Cave to Co-op, September 2021

Each month, your Neighboring Food Co-ops feature our region’s artisan cheesemakers by offering a specially selected cheese at a great price. Look for the “Cave to Co-op” sign in the cheese section at your local food co-op. To find one near you, visit

This Month’s Selection:


A raw cow-milk, clothbound natural rind cheddar.

The Grafton Village Cheese Company was founded in 1892 as the Grafton Co-operative Cheese Company, to convert surplus milk from local dairy farmers into cheese. In 1912, the cheesemaking factory burned down and the community had no cheese facility until 1962, when the Windham Foundation restored the factory and brought cheesemaking back to the community. The Foundation is dedicated to promoting the rural communities of Vermont. The profits from Grafton Village Cheese go back into the Foundation to further its commitment to keep rural Vermont alive and thriving. Today, quality and taste are still the hallmarks of the company’s products.

The Grafton Cave Aged line of fine cheeses takes Grafton beyond its roots in Vermont Cheddar cheese. The cheese is carefully matured in Grafton’s own cave aging facility using raw milk from small Vermont family farms that is thermalized and contains no artificial hormones. The rennet used is non GMO microbial rennet, suitable for vegetarians.

Clothbound Cheddar is classic milled curd cow milk cheddar wrapped in cheesecloth while it ages slowly in Grafton’s caves for a minimum of six months. Grafton Clothbound delivers a very bold cheese with both nut and mushroom notes.

Grafton Clothbound is delicious any time of year on a cheese plate or in a sandwich or just eaten out of hand. Here are a few recipes as well.


Grafton Clothbound Cheddar Soup with Kielbasa

serves 6-8


  • 2 tablespoon and 2 teaspoons neutral vegetable oil
  • 1 onion, chopped
  • 2 cloves of garlic, chopped, 6 T unsalted butter
  • 1/3 C all-purpose flour
  • 3 C chicken or vegetable broth
  • 12 oz. beer or ale
  • ½ C cream
  • 8 ounces Grafton Clothbound Cheddar, grated
  • salt and pepper
  • 1 lb. Kielbasa sausage, sliced thinly
  • paprika to taste


  • Heat 2 Tbsp. oil in a large heavy pot over medium heat.
  • Add onion and cook, stirring occasionally, until soft but not browned, 8–10 minutes.
  • Add garlic and cook, stirring constantly, until fragrant, about 1 minute.
  • Add butter and stir until melted. Add flour and cook, stirring constantly, until beginning to turn golden brown, about 4 minutes.
  • Whisk in broth, beer, and cream. Bring to a boil, reduce heat, and simmer, whisking occasionally, until thickened, 10–15 minutes.
  • Reduce heat to low and whisk in cheese a handful at a time, whisking to combine after each addition. Cover and let sit for 10 minutes to ensure cheese is melted.
  • Use an immersion blender directly in the pot to purée the soup until it is smooth.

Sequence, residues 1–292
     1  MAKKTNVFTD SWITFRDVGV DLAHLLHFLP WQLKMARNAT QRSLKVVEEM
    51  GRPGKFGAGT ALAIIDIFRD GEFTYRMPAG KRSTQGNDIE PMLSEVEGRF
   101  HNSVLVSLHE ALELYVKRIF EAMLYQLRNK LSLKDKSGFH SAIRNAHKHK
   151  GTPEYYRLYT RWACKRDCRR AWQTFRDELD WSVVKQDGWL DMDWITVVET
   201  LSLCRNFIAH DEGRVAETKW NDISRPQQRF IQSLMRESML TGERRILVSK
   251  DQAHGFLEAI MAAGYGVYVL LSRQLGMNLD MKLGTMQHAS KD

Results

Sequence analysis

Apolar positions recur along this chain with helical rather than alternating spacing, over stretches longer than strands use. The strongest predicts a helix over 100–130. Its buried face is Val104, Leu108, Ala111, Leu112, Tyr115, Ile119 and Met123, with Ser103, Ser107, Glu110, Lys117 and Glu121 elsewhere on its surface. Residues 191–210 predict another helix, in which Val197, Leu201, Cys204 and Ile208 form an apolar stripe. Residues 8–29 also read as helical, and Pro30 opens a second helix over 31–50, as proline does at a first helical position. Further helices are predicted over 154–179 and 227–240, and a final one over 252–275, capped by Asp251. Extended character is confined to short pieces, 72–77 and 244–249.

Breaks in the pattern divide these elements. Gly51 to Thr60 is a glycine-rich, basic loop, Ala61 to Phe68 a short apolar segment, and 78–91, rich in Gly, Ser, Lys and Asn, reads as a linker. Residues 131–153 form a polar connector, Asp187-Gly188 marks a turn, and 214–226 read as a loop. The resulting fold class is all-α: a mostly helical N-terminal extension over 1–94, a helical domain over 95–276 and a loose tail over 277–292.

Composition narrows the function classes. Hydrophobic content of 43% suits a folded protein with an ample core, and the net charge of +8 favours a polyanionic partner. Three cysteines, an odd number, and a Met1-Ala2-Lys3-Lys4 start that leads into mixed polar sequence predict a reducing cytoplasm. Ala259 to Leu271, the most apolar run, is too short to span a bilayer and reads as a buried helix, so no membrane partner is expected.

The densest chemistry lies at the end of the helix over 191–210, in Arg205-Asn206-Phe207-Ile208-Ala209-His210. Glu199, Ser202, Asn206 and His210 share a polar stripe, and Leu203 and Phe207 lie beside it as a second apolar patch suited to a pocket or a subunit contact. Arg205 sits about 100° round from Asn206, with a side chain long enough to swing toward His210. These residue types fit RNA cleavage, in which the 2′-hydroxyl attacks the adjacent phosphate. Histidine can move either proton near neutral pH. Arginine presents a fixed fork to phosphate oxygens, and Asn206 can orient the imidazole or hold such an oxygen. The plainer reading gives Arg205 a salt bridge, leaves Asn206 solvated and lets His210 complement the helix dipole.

• Add salt and pepper to taste.
  • Cook sausage pieces in a skillet with 1 teaspoon of oil, turning occasionally, until crisp and golden.
  • Divide soup between bowls and top with sausage and a sprinkling of paprika.


Cheddar Salad w/Grafton Clothbound and Heirloom Apples

  • 6 Heirloom apples
  • 1 Cup of golden raisins
  • 1 Cup of pecans or hazelnuts, toasted
  • 8 ounces Grafton Clothbound cheddar,  shaved
  • 2 cups of arugula, washed and dried
  • ¼ cup homemade vinaigrette

Core and cube the apples – peel if you wish – and place in a medium bowl. Add the raisins, nuts and cheddar. Gently fold in the vinaigrette. Refrigerate for at least an hour and toss in the arugula just before serving. serves 4

Grafton Clothbound Cheddar Polenta Croquettes 

serves 6-8

  • 6-8 cups water
  • 2 cups cornmeal
  • 1 ½ t salt
  • ½ cup grated Grafton clothbound cheddar
  • 6 scallions, thinly sliced
  • 3 T chopped parsley
  • 2 eggs
  • ¼ cup whole milk
  • 1 cup fresh breadcrumbs
  • olive oil, for frying

In a large saucepan, bring the water to boil, then whisk in the cornmeal in a slow stream to prevent any lumps. Add the salt, turn the heat to medium-low, and simmer, stirring occasionally, until the cornmeal is soft and the polenta is quite firm and pulling away from the sides of the pot (if the cornmeal is not yet soft, add water as necessary). Add the cheddar, scallions, and parsley, stir well to combine, then pour the polenta onto a baking sheet to cool and set up.

Once the polenta is cooled and firm, cut it into 3-inch squares or circles (it should be about 1/2 inch thick). Whisk the eggs and milk together in a small bowl and spread the breadcrumbs on a plate. Dip each polenta croquette in the egg mixture, then the breadcrumbs.

Heat the olive oil over high heat until almost smoking. Carefully add the croquettes, cooking in batches to avoid crowding the pan. Cook until golden and crisp, about 3 minutes, then flip carefully to cook the other side. Drain on paper towels and keep warm in a low oven while cooking the remaining croquettes. Serve with sprinkled parsley.

Cave to Co-op is a partnership between Provision International and the Neighboring Food Co-op Association (NFCA) to support local, artisanal cheese producers in our region and make their products more easily available to co-op shoppers.  The NFCA is a network of more than 40 food co-ops in our region — including yours — that are working together to advance their vision of a thriving regional economy, rooted in a healthy, just and sustainable food system and a vibrant community of co-operative enterprise.  For more information, please visit